Convert file name using pattern {} to a list of file names


  • 0
    K

    in BASH system, you can use "ab{1,2}" to represent two files: "ab1", "ab2". All the choices in {} need to be comma delimited.
    Print out all the file names that match the given pattern.

    Note that you can use {} in a nested way also. Example:
    "abc{{1a,1b}, {2a,}}xyz"
    Output should be "abc1axyz", "abc1bxyz", "abc2axyz", "abcxyz"
    Another example is:
    "abc{{1a,1b}{2a,}}xyz"
    Output should be "abc1a2axyz", "abc1axyz", "abc1b2axyz", "abc1bxyz"


  • 0

    @kauai I didn't see any difference between example 1 and example 2. Could you point it out?
    Why there isn't an answer abcxyz in the second example? Also isn't better abc{{1a,1b}{2a,}xyz to be abc{{1a,1b}{2a}xyz? I removed the last comma. Thank you


  • 0
    K

    The difference between the two examples is that the first one has a comma between {1a,1b} and {2a}, whereas the second one doesn't. As noted in the question, "All the choices in {} need to be comma delimited", so if there is no comma inside {}, the {} is treated as non-special {}. That's why the two examples generate different output.

    Actually, having the last comma for {2a,} would generate twice the options - xxx2ayyy and xxxyyy assuming the string is xxx{2a,}yyy.


  • 0

    @kauai Thank you very much for your detailed explanation above. I was thinking a bit over the problem and let me define as I understand it. I will ask you to confirm whether my reasonings are right or wrong.
    Example 1 :
    "abc{{1a,1b}, {2a,}}xyz"
    Output :
    abc{1a,1b}xyz => abc1axyz, abc1bxyz
    abc{2a,""}xyz => abc2axyz, abcxyz

    Example 2 :
    abc{{1a,1b}{2a,}}xyz
    Output:
    abc{{1a,1b}{2a,""}}xyz => abc{1a}{2a}xyz, abc{1a}xyz, abc{1b}{2a}xyz, abc{1b}{""}xyz => abc1a2axyz, abc1axyz, abc1b2axyz, abc1bxyz
    Comma after a symbol provides us an additional information that empty string is a valid choice. We can accept comma as OR operator


  • 0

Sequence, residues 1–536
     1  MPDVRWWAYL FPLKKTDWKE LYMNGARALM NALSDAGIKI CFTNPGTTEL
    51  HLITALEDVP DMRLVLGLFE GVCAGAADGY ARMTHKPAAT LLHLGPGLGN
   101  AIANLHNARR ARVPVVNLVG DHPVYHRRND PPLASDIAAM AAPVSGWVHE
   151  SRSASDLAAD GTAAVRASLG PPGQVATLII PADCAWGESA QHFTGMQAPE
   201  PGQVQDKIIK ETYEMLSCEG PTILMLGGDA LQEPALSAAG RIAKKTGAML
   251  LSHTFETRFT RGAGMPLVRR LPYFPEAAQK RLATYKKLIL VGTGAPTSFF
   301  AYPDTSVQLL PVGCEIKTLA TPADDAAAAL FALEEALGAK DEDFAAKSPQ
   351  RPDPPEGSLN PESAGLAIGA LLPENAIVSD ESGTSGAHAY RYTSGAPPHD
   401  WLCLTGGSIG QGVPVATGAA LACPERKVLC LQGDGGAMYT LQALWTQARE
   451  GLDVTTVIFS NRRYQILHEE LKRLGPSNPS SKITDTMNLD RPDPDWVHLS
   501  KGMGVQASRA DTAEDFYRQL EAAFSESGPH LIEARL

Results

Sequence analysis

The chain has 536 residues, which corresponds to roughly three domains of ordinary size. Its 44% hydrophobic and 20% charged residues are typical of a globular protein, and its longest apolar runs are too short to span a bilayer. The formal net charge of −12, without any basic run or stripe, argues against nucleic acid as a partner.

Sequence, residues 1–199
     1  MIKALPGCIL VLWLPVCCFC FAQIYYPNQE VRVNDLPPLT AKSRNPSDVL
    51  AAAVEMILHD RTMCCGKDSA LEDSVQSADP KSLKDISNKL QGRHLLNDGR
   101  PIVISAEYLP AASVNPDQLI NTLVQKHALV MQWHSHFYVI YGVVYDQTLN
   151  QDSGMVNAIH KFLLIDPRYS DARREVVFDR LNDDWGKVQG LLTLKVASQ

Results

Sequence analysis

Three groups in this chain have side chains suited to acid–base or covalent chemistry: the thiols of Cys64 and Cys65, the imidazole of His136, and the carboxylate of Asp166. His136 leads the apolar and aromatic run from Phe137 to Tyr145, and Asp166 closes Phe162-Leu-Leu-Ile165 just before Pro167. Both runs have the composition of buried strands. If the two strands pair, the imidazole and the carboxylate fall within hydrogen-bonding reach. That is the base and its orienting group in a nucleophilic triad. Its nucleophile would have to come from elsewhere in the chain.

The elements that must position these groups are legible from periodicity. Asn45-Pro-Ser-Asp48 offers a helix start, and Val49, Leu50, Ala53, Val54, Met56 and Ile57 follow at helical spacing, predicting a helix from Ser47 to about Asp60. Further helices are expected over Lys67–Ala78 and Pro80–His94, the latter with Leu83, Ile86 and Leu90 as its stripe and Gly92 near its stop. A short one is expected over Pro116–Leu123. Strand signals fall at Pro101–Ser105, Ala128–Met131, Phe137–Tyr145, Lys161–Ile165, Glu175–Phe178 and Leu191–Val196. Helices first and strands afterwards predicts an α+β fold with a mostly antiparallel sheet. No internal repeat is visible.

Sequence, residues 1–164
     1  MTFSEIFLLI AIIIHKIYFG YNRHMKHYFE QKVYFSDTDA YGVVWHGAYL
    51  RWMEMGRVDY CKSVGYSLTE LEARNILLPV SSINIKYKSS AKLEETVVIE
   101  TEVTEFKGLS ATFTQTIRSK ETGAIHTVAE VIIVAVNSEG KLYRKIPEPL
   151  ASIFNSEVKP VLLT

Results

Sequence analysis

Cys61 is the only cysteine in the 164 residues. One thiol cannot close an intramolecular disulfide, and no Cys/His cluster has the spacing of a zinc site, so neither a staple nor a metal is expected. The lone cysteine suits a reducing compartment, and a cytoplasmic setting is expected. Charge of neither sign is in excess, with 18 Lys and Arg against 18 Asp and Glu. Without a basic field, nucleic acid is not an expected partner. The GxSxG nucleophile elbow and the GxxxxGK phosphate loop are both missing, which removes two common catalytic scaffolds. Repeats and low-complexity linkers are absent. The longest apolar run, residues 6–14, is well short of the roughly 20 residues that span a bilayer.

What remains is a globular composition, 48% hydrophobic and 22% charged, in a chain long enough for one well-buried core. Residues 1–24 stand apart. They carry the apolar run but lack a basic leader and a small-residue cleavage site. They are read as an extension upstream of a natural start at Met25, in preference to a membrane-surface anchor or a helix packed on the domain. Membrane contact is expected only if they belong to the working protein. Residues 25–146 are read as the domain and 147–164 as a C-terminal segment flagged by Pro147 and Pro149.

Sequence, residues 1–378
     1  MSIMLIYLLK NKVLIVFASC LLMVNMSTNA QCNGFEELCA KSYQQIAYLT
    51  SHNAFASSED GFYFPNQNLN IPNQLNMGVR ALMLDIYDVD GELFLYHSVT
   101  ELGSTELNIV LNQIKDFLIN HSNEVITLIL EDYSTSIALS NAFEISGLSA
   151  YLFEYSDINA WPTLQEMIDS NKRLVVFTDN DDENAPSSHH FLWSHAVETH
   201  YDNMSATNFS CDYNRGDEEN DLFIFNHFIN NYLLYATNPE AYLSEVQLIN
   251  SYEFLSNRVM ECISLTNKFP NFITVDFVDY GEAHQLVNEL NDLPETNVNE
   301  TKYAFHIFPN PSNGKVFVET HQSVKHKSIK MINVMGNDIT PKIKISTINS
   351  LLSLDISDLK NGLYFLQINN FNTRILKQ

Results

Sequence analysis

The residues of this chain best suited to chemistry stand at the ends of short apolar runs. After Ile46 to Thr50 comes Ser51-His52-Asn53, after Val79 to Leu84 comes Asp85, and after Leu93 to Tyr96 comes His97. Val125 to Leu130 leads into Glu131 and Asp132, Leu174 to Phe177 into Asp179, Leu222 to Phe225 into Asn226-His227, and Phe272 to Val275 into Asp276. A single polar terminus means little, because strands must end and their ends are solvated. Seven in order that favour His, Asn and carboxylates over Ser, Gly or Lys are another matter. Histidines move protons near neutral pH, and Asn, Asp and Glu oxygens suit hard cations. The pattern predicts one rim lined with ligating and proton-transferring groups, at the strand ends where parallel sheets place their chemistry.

Here is my rough idea:

    1. For each normal string, push them sequentially into a vector.
    2. For each part in {} between 2 normal strings, transform it to a graph, and use a hash map to link the graph with the previous normal string: the key is the the index of the string in vector.
      So abc{{1a,1b}, {2a,}}xyz can be stored as:
      vector<string> {"abc", "xyz"};
      And the hash map:
      [0, graph of c{{1a,1b}, {2a,}}],
      [1, null]
    3. To generate the graph:
      a. For character inside a {}, add them as descendant nods of previous node: {a}, {b, c, d} => a-b, a-c, a-d
      b. For {, add a dummy node with empty content, so nodes in previous level can point to this dummy node and then traverse the nodes inside {}. (Ignored the dummy node in the example in part a.)
      c. For }, depends whether it's followed by ',', if yes, all nodes in previous level point to the following node, and also append an empty node in previous level, if no, we append the following nodes as "suffix" to every nodes in previous level, so when output nodes in previous level, we should also consider those suffixes, note in this case we don't append the empty node, since according to example 2, choices with "suffix" cannot be empty...
    4. To generate all possible strings, iterate through the vector, do DFS against the graph if there are any, generating all possible parts, append each possible part and continue to the next string in vector, this is another DFS process, similar with generating all combinations of a given string.

    The idea is complex, may cost > 1h to implement by my estimation. Hope someone could come up with more elegant solutions...


  • 0

    @bwv825 I also was thinking first to generate the graph


  • 0
    K

    @elmirap Yes, your understanding of the question is correct.


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